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ALS : American Philosophical Society I am pleas’d to learn by yours of the 12th that you have taken a circumstantial Account of the Appearances at Trumbles’s House, which you think sufficient to establish my new Hypothesis of the Direction of Lightning. Mr. Kinnersley has sent me a Pane of the Glass with a Letter in which he mentions his Suspicions that the Stroke was upwards. I now write him...
ALS : Yale University Library I have yours of the 4th Inst. and find the Election has turn’d out as I expected. I am glad Rutherford has refus’d to undertake the Stage; for I did not like your proposing it to him. I admire Mr. Colden was so unready; I thought every thing had been fully explain’d to him. Poor Mr. Hunter is relaps’d into his last Summer Fever; and has kept his Bed these 8 Days,...
Extract: reprinted from Collections of the Historical Society of Pennsylvania, 1 (1853), 126. Franklin’s letter is known only by this extract quoted in a letter from William Franklin to Charles Thomson, October 3, 1765. The New Jersey governor introduced the passage in these words: “As a farther proof that my father had no hand in the Stamp Act, I will give you an extract of a letter I...
Extract: Historical Society of Pennsylvania Mr. Cooper, Secretary of the Treasury, is our old Acquaintance, and expresses a hearty Friendship for us both. Enclosed I send you his Billet proposing to make me acquainted with Lord Rockingham. I dine with his Lordship To-morrow. I had a long Audience on Wednesday with Lord Dartmouth. He was highly recommended to me by Lords Grantham and...
MS not found; extract reprinted from [Jared Sparks, ed.], A Collection of the Familiar Letters and Miscellaneous Papers of Benjamin Franklin (Boston, 1833), p. 280. Great changes being expected keeps men’s minds in suspense, and obstructs public affairs of every kind. It is therefore not to be wondered at, that so little progress is made in our American schemes of the Ilinois grant, and...
ALS : Pierpont Morgan Library Dining to day with Mr. Potts, I hear that Letters go by this Night’s Post to Falmouth for the Chance of reaching the Packet. Therefore I write this Line just to say, that I receiv’d yesterday a Line from the Treasury acquainting me that Mr. Kollock is appointed upon my Recommendation to be Collector of Lewes. I shall be more particular in my next. Your...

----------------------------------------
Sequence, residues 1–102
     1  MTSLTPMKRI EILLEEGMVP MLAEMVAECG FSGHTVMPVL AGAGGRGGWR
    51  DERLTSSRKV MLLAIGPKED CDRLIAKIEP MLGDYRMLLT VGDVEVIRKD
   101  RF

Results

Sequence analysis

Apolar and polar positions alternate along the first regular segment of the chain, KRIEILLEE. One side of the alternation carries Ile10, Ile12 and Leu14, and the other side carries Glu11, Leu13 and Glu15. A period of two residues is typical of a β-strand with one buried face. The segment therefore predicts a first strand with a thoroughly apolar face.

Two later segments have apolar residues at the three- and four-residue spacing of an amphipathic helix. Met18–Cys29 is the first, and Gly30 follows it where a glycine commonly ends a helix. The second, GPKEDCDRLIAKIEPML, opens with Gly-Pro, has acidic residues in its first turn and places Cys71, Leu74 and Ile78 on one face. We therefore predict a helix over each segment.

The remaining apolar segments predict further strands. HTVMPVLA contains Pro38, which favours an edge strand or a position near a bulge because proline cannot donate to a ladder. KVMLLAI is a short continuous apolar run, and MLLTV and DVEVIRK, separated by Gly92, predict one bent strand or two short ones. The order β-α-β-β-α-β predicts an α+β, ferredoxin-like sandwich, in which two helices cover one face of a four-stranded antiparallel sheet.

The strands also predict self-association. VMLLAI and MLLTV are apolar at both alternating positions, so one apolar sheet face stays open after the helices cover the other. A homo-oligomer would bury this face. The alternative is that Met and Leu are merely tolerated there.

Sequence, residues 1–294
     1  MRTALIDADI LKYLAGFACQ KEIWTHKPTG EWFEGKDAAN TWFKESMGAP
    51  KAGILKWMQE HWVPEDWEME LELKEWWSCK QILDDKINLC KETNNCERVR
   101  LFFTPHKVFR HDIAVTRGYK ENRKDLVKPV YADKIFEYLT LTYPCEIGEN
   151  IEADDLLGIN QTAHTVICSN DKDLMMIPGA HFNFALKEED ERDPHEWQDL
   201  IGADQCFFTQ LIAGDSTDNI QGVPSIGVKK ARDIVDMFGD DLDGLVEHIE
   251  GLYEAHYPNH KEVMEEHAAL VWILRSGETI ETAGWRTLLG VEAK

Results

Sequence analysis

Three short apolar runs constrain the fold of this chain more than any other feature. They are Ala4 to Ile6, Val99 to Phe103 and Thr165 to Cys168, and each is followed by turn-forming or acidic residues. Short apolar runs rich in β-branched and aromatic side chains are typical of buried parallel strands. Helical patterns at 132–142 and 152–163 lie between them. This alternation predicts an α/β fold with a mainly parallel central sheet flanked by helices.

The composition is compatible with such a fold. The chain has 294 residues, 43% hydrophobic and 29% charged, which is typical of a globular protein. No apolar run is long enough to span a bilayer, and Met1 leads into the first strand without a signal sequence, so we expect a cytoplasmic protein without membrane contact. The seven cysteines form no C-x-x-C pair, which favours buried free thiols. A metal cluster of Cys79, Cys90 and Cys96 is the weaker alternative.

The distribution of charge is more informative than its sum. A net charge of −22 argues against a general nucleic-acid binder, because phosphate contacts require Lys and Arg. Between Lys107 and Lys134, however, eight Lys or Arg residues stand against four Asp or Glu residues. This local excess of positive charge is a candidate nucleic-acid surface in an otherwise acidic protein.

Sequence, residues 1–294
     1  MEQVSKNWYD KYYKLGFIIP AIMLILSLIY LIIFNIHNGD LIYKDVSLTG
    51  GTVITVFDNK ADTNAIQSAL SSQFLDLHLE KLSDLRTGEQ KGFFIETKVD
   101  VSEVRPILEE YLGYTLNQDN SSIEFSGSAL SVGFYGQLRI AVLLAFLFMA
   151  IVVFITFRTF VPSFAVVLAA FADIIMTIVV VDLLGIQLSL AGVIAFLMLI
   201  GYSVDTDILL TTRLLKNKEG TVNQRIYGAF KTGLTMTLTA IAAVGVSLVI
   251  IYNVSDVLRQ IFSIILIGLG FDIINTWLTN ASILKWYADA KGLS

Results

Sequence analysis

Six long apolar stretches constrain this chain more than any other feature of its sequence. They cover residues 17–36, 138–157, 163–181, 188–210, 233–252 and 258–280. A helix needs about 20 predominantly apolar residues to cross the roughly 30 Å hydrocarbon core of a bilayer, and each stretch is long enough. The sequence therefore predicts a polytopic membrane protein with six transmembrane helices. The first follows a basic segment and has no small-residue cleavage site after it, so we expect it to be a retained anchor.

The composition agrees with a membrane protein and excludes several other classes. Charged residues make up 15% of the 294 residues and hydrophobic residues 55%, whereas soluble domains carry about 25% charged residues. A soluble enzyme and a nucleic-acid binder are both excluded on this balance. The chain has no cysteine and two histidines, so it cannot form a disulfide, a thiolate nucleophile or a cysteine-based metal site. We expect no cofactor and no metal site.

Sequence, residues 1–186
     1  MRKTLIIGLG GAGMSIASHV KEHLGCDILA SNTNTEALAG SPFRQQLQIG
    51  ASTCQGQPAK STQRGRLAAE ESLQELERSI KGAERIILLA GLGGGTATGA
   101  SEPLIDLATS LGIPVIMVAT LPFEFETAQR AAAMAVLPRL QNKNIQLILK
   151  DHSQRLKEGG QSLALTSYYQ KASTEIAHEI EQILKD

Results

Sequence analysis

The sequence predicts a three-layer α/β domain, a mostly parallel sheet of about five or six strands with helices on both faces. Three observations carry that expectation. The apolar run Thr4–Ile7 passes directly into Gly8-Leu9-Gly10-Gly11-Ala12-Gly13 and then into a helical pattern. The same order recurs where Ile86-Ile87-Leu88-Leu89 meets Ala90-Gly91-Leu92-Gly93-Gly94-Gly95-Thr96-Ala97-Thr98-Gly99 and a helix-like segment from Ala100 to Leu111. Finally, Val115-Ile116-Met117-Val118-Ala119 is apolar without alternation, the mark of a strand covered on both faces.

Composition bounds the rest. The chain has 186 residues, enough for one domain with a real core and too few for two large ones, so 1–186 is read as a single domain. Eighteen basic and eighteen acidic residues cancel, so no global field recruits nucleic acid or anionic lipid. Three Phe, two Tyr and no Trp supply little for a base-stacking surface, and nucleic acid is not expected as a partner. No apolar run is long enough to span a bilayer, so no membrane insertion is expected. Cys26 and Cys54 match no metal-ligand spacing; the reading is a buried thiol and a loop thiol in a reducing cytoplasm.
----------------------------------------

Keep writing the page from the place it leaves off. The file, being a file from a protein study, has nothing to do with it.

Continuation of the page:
MS not found; extract reprinted from [Jared Sparks, ed.], A Collection of the Familiar Letters and Miscellaneous Papers of Benjamin Franklin Now for the First Time Published (Boston, 1833), p. 280. The Ilinois affair goes forward but slowly. Lord Shelburne told me again last week, that he highly approved of it, but others were not of his sentiments, particularly the Board of Trade. Lyman is...
MS not found; reprinted from William Temple Franklin, ed., Memoirs of the Life and Writings of Benjamin Franklin, LL.D. F.R.S. &c . (quarto edition, London, 1817–18), II, 143–4. I have no letter of yours since my last, in which I answered all preceding ones. Last week I dined at Lord Shelburne’s, and had a long conversation with him and Mr. Conway (there being no other company), on the subject...
MS not found; extract reprinted from [Jared Sparks, ed.], A Collection of the Familiar Letters and Miscellaneous Papers of Benjamin Franklin (Boston, 1833), p. 281. I returned last night from Paris, and just now hear that the Ilinois settlement is approved of in the Cabinet Council, so far as to be referred to the Board of Trade for their opinion, who are to consider it next week. Shelburne...
MS not found; extract reprinted from [Jared Sparks, ed.,] A Collection of the Familiar Letters and Miscellaneous Papers of Benjamin Franklin Now for the First Time Published (Boston, 1833), pp. 281–2. Since my return, the affair of the Ilinois settlement has been renewed. The King in Council referred the proposal to the Board of Trade, who called for the opinion of the merchants on two points,...